In the April 2013 issue of Pastel Journal, we asked well-known pastel instructors to tell us about some of their most memorable workshop experiences. They generously shared their tales of painting breakthroughs, unexpected triumphs and the kind of memorable trials that make us smile in retrospect. Here are two more workshop tales:
Weather or Not
Frank Federico recalls a time he was in Maine doing a demonstration in a large room overlooking the Port Clyde harbor. “A policeman came in to say that we had to evacuate immediately, as a hurricane was coming our way, but no one wanted to leave, so I kept painting,” he says. “The wind was rising, and there was growing agitation in the classroom. The students were keeping an eye on what I was painting and also craning their necks to watch as the fishermen hauled in their boats and battened everything down.” Finally the group was moved to a safer location.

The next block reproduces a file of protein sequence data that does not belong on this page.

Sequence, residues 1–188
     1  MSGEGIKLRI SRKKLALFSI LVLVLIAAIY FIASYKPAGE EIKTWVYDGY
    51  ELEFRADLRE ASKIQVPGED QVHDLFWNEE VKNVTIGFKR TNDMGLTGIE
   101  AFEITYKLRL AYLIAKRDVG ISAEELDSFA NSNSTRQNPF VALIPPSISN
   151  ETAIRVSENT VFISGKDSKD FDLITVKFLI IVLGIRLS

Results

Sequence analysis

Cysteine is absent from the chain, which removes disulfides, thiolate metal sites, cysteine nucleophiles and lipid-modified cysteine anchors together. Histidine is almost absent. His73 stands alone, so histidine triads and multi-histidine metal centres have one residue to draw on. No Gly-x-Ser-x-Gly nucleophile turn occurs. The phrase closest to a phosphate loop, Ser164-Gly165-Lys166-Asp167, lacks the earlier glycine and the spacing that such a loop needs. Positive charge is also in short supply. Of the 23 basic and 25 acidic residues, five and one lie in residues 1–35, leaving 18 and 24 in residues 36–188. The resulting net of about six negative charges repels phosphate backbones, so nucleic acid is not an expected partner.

“I never did get to finish what could have been my storm series,” Federico laughs.
One of Stan Sperlak’s most challenging workshop experiences took place in the Maryland wetlands near Assateague Bay. Before the workshop, he’d warned his students to be careful to stay on the road because of the marshy conditions. “The last car to arrive pulled off a little too far and sank in the marsh,” he recalls. “When I tried to help pull it out, my car got stuck, too.”
The workshop locale was so far out that AAA came reluctantly, Sperlak says. “After towing out those cars, two other students, oblivious to what was going on, drove around the tow truck, and their cars also got stuck in the mud,” he says. “The tow truck wound up pulling four cars out of the mud that evening!”
Although the cars were muddy, Sperlak notes that the paintings done that day were not.
For more tales from the classroom, see the April 2013 issue of Pastel Journal.
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